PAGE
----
I imagine at some point I’ll tell him. I’ll open up all the old archives for him, and let him read it. It will be like showing him my diary. Which I did. The diary that I kept in middle school had all sorts of angsty pre-teen entries in it (“I hate X, because she pretended to be my friend but was really just using me!” and “I have such a huge crush on Y, but he’ll never like me because I have too many pimples. Sigh.” ). I recently found that diary and showed it to him. I would have died if anyone read that diary within a year or two of me writing it, but now that so many years have passed and I can look back at middle school and laugh, I was fine with it. In fact, I was glad that he read it, so that he can understand a little bit more about my childhood and how I developed into who I am today.

But that takes time. At some point, I’ll be ready to look back at this blog and laugh, at which point, I’ll want to share it with him. But for now, this is my secret place, and I’m alright with that.

Judging Sexuality

This morning, I may or may not have left a vibrating toy in the shower, which my uber conservative, religious roomate may or may not have seen when she showered after me.

By may or may not, I mean definitely happened.

I’m sitting here, holed up in my room, trying to avoid the room mate for a few days and see if she forgets about it.

But why do I feel the need to do that? Why is there any shame in sexuality? Having a vibrator doesn’t necessarily mean I am sexually active, and even if it did…why should she care? I’m clearly not bringing home random guys to our apartment? This has no effect on her whatsoever…except that she had to stare at a bright blue male organ the whole time she was in the shower.

When I realized what had happened, my body tensed up and got incredibly nervous. I couldn’t move, couldn’t think, couldn’t do anything but lie on my bed and worry about what she would think of me?

And what WOULD she think of me? Would this mean I’m slutty? Would the fact that I have a vibrator mean that I know the pleasure of sexual orgasm, which would in turn mean that I have experienced it with a partner before? Which in turn would mean I’m not as religious as she is, which in turn would mean that she now has reason to doubt how kosher the food that I cook is?

Are those fair assumptions to make? No, but people make them anyway. Do I know for sure that she will make them? No, not at all.

But I have clearly made assumptions about her. I assumed she would judge me for owning a vibrator. And this puts me at just as much fault as I am putting her at.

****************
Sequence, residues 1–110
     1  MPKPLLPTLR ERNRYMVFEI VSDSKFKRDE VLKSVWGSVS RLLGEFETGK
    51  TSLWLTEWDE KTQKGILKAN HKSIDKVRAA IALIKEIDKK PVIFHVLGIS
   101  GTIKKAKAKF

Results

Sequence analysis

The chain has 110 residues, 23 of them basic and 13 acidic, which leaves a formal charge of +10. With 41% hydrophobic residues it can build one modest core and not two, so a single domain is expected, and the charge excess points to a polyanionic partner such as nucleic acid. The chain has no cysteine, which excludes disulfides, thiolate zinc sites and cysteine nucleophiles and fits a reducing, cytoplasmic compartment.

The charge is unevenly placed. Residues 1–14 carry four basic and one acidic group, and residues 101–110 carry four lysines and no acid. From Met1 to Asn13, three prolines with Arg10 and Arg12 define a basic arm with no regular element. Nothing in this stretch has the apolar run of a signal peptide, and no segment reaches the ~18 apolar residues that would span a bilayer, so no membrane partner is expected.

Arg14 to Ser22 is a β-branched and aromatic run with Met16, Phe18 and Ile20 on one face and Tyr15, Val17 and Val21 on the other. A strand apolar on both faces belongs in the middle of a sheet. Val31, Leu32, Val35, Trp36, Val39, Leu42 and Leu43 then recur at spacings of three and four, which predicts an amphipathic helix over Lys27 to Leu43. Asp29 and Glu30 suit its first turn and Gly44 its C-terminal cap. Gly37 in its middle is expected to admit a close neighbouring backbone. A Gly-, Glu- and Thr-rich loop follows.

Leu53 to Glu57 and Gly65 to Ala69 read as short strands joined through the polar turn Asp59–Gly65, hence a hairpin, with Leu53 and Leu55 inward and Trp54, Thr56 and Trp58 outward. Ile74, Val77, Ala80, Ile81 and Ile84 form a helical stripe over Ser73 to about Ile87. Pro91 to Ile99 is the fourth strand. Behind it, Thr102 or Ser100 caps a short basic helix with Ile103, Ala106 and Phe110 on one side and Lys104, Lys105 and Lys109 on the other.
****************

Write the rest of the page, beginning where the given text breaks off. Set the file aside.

Guilty Pleasures

Today, my english professor asked us to draw a picture of our bookshelves, and list what books were on them. Then she asked us to list the books that are not on our bookshelves, but would be on our ideal bookshelves. I made my lists, and while in general I am very pleased with my bookshelf, I deliberately left off some things that I didn’t want to share with the class, for example, the first book of the Twilight series.

I didn’t plan on reading Twilight. My reasoning was that if my fifth-grade students are reading it, the book couldn’t be THAT stimulating, and it certainly won’t be up to my intelligence level. I “broke” one Shabbos, while visiting a friend. I got bored of the textbook I had brought with me, and there was Twilight, sitting on her coffee table, asking to be read. It’s pretty poorly written, but it’s kinda like a Pringle-once you pop, you just can’t stop. I have to find out what happens to poor Bella and Edward.

Tonight, I was folding laundry while watching TV on my computer. My roomate came in to ask me a question, and I quickly turned off the show. Partly, it was so I could hear what she was saying, but partly, it was because I did not want her to know I was watching “The Secret Life of The American Teenager”. The show is TERRIBLE. The actors don’t really act, the plot is completely ridiculous and it glorifies teen pregnancy. Still, it’s a guilty pleasure. I have to watch because I want to know what happens-does the 15-year-old pregnant girl keep her baby or give it up for adoption? Does the father do as much as he says he will? What’s going to happen with this new boyfriend? Suffice it to say that I don’t watch much TV, because anytime I do, I get highly addicted.

Really, I shouldn’t be embarrassed at my forms of relaxation. If I solely read books such as Twilight, or watched shows like “Secret Life”, then I might have to start moving up to the next floor in the library. However, I’m comfortable with the amount of time I spend with these forms of entertainment. There’s nothing wrong with going brainless for an hour or two. Still, I close the computer and edit my bookshelf, because at the end of the day, I’d prefer to be a closet light-brain than a known light-brain.